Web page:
Since prehistoric man first stumbled upon a nugget, raw gold with its radiant sun yellow coloration and metallic luster has captivated and fascinated mankind. The unique gleam of gold attracts the eye, enabling the seeker to detect the smallest of grains in an aggregate of many other materials. The tiniest flakes are easily detected.
Anthropological excavations of Stone Age burial sites indicate that gold was the first element collected and prized by man. This unique metal, gathered in the form of nuggets, seems to have been highly prized but was not used in practical applications. Rating 2.5 ? 3 on Mohs scale of hardness, gold was much too pliable to be hammered into workable tools or weapons. Gold carried little value for prehistoric man except to be admired and treasured for its rare, intrinsic beauty.
However, as man developed he soon discovered numerous applications for the mysterious golden metal. The earliest record of gold exploration dates to Egypt around 2000 B.C. Ancient records tell of an enormous alluvial gold deposit in Nubia, between the Nile River and the Red Sea in southeastern Egypt. This incredible discovery encompassed over one hundred square miles. Using the most primitive of tools and working to an average depth of less than six feet, these first ?miners? pried an estimated one thousand tons of gold from this rich discovery. Egyptian artisans, recognizing the extraordinary malleability of gold fashioned incredible jewelry, ornaments and idols of breathtaking beauty. Throughout the history of man?s involvement with gold, the precious metal has been prized not only for its beauty but for gold?s ability to withstand the rigors of time. No substance that appears commonly in nature will destroy gold. Unaffected by air, moisture, heat or cold, this noble metal will not tarnish, corrode, rust or tarnish. Shimmering gold dust, golden nuggets of placer gold and brilliant vein occurrences have survived 4.5 Billion years of cataclysmic geologic and climate changes; volcanic eruption, earthquakes, upheavals and deposition. Treasures of gold jewelry, bullion and coins, buried for thousands of years beneath land and sea have been found intact; as brilliant as the day they were abandoned.
A relatively rare native metallic element, gold ranks fifty-eighth in abundance amongst the ninety two natural elements that make up the earth?s crust. Although considered a rare element, of all metals gold is, with the exception of iron, the most widely distributed over the planet. Gold has been found on 90 per cent of the earth?s surface and is mined in high mountain ranges, in the deeply weathered soil of the tropics, harsh deserts and in the permanently frozen tundra of the Arctic.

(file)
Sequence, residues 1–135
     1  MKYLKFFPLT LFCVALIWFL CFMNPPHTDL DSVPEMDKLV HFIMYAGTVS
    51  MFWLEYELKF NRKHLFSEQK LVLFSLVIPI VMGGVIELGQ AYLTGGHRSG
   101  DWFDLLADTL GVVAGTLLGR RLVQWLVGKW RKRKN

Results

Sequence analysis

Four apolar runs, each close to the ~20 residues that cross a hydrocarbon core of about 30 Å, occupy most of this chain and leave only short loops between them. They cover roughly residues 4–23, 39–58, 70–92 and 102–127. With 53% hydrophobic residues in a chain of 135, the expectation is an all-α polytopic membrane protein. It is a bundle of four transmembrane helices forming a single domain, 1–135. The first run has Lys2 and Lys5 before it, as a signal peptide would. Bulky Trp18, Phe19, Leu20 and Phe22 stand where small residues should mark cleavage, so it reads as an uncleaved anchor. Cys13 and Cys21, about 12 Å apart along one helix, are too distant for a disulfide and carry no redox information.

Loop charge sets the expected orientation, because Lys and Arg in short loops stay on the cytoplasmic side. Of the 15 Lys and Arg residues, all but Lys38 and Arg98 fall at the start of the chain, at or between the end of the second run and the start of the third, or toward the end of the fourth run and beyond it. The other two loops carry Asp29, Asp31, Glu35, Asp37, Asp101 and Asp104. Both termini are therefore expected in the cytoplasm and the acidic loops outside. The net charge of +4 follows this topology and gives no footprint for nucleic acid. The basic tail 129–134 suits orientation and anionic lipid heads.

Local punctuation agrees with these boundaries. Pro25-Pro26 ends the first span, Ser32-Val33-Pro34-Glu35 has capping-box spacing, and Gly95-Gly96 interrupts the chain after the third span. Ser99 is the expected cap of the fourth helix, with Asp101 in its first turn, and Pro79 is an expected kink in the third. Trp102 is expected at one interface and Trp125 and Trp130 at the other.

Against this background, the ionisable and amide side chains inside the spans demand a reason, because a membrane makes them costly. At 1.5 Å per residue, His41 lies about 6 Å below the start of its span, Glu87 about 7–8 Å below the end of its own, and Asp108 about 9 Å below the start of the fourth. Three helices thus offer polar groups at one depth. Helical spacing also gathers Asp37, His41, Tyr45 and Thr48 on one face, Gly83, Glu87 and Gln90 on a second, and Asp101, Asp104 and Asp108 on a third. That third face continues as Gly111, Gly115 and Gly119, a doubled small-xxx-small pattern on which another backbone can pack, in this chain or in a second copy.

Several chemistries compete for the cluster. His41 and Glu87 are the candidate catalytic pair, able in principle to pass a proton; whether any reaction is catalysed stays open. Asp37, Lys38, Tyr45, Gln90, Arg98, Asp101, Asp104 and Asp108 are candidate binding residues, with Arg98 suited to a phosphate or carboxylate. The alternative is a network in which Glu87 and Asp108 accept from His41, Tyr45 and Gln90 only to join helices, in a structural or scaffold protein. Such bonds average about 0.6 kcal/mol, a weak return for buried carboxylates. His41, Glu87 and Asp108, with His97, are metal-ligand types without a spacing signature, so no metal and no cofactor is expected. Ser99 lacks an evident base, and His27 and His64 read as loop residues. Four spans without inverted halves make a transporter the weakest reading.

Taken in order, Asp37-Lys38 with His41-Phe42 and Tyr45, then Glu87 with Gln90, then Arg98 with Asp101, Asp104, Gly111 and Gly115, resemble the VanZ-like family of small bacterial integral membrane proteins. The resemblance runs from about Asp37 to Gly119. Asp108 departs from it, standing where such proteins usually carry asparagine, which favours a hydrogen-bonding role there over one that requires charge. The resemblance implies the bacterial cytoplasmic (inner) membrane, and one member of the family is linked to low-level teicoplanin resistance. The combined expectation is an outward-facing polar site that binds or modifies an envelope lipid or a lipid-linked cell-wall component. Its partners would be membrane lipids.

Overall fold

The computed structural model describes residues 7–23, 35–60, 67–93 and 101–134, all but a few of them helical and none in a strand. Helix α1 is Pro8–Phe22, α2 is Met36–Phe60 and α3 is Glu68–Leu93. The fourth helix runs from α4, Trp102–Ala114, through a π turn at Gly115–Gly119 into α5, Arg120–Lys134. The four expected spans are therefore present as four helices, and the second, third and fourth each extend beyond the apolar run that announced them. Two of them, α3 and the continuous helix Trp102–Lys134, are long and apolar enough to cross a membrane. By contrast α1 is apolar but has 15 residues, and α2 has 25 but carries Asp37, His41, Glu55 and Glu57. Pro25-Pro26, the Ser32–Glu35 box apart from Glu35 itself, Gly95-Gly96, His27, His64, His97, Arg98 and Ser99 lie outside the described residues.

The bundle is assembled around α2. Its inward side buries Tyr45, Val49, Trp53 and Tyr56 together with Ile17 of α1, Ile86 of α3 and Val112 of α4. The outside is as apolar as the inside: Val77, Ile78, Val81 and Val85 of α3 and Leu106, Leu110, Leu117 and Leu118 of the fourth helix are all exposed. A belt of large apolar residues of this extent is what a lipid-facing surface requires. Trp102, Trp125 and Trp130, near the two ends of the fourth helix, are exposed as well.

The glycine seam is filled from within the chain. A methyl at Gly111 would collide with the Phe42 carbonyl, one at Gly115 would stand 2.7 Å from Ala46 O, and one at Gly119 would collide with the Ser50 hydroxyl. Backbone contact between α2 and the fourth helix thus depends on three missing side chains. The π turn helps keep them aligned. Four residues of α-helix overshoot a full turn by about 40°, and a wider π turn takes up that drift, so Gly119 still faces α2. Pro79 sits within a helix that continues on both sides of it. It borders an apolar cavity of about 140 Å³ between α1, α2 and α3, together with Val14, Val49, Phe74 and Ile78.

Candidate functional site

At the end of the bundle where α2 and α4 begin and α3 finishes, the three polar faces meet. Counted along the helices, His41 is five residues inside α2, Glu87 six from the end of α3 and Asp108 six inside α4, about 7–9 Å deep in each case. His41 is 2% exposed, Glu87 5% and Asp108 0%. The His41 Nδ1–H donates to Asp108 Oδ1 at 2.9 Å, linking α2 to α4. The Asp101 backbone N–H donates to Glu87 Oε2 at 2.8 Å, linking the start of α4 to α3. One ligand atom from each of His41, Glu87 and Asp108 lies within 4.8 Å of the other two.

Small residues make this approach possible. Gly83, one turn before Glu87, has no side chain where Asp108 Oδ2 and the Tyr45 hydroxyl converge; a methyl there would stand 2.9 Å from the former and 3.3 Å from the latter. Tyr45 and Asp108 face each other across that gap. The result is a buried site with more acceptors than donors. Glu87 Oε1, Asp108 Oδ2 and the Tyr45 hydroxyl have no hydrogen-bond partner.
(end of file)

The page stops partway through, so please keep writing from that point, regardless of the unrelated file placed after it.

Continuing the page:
Gold is commercially mined on every continent with the exception of Antarctica. The richest gold producing area of the world is the Witwatersrand District of South Africa. This ultra rich area has yielded eighteen thousand tons of gold with no end in sight. Additional notable gold bearing areas around the world are Siberia in the former USSR, the Porcupine District in Ontario, Canada and in the United States the Yukon District of Alaska and the famous Mother Lode District in California.
In the United States nature was extremely generous. Thirty-two states have recorded significant commercial gold production. The highest yielding areas are located within the western states, California, Colorado, Alaska, Nevada and South Dakota. Other abundant locations for prospecting include Georgia, Arkansas, Idaho, Utah, Montana, Washington, New Mexico, Wyoming, North and South Carolina, Tennessee, Michigan, Vermont and New Hampshire. The recreational gold prospector can find gold in his pan in practically every state of the union.
Gold is an ideal media for craftsmen. It is a metal that can be deformed by pounding without breaking or crumbling. Gold, in its pure form is the most malleable or workable of all metals. One single ounce of gold can be drawn and stretched into an ultra fine wire over 50 miles in length without breaking or pounded to the amazing thinness of one hundred thousandth of an inch without disintegrating. Gold is easily carved, readily buffs to a gleaming polish, can be heated repeatedly without discoloration and joins to itself or other metals by soldering without the need for a bonding flux.